Inside the transom there is a section of 1 inch PVC pipe that the rudder shaft goes through from the deck to about an inch below the hull which you will have to cut a hole in the back wall of the cockpit to get to. A 10 or 12 inch inspection hatch will be needed to cover it up afterwards. You may find that pipe cracked below the waterline if someone ran aground after the tiller head came loose and the rudder shaft dropped partially out so that the top end of the stainless steel shaft cracked the PVC pipe when the shaft started dropping out of the transom. Some thick wall PVC pipe and fittings can be used to repair it along with some 5200 to seal where it goes through the hull.

Today I hope to be finishing up the repairs to the bottom of the pipe where it exits the hull as that is where the last renter did the most damage when he dropped the rudder and lost the tiller head. I will be using a 1 inch PVC Pipe Coupling, a small section of 1 inch PVC Pipe to fill in a chipped out section of the existing pipe, Purple Cleaner, Heavy Duty PVC Cement and some 5200 Caulking to seal it to the hull.
 

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Today I finished up repairing the external section of the rudders pivot tube and reinforced it as mentioned previously using a PVC Pipe Coupling. Everything went as expected and now there is more bearing and sealing surface due to the larger diameter of the coupling.

While I was there I inspected where the scupper exited the hull and did not like the looks of it. The stopper is missing and the caulking around the nut needs attention as someone just smeared some sealant all over it from the outside instead of removing it, cleaning it up properly and making a righteous job of it. I may break it when removing it however it should just be a standard plastic thru-hull with a manual stopper and locally available in multiple stores.

Most problems I am finding with the boat are from careless renters and/or slipshod maintenance people.
 

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I ended up removing and re-bedding the existing cockpit drain with 4200. It's a simple 3/4" thru-hull with a toggle plug but is over the standard 2 1/4" length available locally so rather than ordering an extra length one or switching to a $100 bronze version I just cleaned up the old one and put it back. A previous tech left out the washer behind the nut so I made a new one out of some 1/8" thick high density plastic I keep in my workshop.

The rudder tube and exit bushing set nicely and is much stronger than when new.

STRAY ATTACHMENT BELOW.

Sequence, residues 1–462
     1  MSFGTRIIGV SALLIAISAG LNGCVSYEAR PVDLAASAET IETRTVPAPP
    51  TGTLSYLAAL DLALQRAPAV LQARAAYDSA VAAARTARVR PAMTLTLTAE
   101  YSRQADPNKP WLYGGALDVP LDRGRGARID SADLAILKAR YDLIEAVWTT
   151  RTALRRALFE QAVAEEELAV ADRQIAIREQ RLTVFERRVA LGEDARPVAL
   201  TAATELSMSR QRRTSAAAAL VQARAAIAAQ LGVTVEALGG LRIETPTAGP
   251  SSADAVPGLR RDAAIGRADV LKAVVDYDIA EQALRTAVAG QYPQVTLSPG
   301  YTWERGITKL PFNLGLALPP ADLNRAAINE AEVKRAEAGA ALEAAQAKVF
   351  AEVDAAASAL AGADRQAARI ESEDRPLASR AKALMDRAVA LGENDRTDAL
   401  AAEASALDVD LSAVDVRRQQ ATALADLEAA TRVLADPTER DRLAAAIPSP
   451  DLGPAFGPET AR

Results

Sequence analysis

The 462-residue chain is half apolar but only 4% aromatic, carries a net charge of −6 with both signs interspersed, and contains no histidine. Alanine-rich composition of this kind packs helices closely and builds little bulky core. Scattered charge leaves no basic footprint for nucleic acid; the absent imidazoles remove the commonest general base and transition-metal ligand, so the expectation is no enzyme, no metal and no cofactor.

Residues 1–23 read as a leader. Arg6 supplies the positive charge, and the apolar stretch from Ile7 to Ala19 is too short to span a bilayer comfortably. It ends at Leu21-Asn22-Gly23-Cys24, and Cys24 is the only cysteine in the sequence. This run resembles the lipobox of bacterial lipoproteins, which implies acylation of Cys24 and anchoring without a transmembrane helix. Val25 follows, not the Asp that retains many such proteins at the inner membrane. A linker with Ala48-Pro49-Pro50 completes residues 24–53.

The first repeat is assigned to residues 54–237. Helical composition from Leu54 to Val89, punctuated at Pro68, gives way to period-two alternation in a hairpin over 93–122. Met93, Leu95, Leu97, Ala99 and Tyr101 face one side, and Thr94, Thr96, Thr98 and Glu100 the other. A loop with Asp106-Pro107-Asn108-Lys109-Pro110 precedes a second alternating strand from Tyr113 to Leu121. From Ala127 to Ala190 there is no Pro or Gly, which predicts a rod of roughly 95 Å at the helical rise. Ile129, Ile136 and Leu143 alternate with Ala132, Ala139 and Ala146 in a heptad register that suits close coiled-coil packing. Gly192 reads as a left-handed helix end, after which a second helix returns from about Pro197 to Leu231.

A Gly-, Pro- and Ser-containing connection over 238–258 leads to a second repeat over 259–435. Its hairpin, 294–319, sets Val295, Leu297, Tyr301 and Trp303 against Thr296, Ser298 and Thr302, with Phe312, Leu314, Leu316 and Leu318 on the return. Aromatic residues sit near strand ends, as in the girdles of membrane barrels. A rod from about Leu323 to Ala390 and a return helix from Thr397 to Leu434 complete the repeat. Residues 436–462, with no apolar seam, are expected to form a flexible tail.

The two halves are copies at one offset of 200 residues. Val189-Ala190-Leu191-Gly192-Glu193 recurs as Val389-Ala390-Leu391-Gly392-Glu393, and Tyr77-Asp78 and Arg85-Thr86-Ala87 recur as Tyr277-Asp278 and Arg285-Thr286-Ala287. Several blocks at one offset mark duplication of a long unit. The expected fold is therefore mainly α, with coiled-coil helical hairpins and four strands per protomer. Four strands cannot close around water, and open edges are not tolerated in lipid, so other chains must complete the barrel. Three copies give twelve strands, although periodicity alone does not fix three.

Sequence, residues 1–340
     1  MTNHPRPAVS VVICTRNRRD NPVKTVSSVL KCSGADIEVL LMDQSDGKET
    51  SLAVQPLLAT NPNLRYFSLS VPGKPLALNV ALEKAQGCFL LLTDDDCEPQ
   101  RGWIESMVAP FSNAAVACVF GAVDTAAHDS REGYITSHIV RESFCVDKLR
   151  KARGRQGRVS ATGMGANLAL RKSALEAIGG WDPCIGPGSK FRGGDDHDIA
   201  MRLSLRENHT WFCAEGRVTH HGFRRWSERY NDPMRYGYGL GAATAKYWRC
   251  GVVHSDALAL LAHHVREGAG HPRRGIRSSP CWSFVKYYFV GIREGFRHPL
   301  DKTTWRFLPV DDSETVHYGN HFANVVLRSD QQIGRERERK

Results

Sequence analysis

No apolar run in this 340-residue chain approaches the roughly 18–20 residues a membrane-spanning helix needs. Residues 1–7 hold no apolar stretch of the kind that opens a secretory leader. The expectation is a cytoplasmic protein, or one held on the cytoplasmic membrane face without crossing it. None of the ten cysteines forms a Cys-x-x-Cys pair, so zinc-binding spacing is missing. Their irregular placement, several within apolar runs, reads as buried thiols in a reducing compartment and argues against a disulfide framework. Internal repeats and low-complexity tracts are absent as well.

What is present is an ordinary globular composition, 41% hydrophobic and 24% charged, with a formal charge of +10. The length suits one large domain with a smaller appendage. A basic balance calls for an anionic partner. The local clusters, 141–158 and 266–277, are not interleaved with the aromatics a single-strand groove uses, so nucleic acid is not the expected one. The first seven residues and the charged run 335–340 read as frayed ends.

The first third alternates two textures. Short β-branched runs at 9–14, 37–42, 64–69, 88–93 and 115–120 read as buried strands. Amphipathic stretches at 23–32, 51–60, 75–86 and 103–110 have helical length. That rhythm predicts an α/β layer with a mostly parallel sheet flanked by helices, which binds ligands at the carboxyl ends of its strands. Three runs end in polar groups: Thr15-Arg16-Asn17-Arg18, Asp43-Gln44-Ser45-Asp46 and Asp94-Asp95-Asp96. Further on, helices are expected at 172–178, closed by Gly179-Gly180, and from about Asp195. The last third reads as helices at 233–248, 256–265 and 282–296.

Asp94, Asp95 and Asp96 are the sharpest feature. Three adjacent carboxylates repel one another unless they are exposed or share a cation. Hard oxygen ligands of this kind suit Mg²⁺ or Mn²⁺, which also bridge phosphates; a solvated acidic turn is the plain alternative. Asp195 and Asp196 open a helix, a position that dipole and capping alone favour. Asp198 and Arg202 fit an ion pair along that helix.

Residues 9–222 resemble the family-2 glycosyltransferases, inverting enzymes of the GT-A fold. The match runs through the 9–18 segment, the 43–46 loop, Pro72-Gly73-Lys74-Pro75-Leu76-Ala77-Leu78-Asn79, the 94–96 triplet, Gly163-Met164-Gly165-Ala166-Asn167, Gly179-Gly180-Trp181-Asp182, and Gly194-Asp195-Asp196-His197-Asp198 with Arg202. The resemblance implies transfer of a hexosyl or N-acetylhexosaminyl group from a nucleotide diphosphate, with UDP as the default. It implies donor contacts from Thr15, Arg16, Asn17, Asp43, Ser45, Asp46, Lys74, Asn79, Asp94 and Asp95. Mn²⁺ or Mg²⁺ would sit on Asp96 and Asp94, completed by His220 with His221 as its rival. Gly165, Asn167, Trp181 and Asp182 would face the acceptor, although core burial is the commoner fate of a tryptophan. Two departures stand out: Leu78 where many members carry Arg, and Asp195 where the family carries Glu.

Tomorrow will be buffing/polishing day, Thursday we be rigging/standing the mast day, Friday will be for anything left over plus to allow another day for caulking to set and hopefully Saturday will be first sail in almost a decade.
 

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Finally got the Galilee out on the water today and it behaved admirably despite light steady winds with occasional heavy wind bursts that were causing a lot of near knockdowns of other boats. There were a number of disabled paraplegic sailors out there in the heavily ballasted boats they use having near knockdowns however the Galilee was not behaving anywhere near as tender as those boats were.

BoomKicker worked as expected and made flaking the sail a lot easier with the boom level and centered over the sheet block although the centerboard being so close to the mast did make it a tight fit with the board raised to one of the shallow draft positions. I spent a few hours sailing her with a coach who had never been on her before and he was impressed with how well behaved and easily controllable she was in the wind gusts. I am considering her a good boat even for this moderately disabled senior citizen with mobility issues.

There was only one real negative and that was the modifications someone did to the original Galilee Trailer where they replaced the bunks with 4X10 lumber on edge covered with fire hose making it so you need 3 feet of water to launch a boat that only drafts 7 inches along with making it very hard to get the boat back on the trailer since it does not come close to touching the keel strip rollers. They had to use the 16 foot hitch extender to launch and retrieve and even then the rear wheels of the tractor were in the water.

Could someone post a picture of how their trailer is set up for the Galilee? That is the only thing I currently would wish to change.
 

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Could someone post a picture of how their trailer is set up for the Galilee? That is the only thing I currently would wish to change. I would appreciate pics even if its of something that does not work quite well so I can see options to avoid however anything has got to be better than the 8 foot long 4X10 beams standing on edge that are on there now.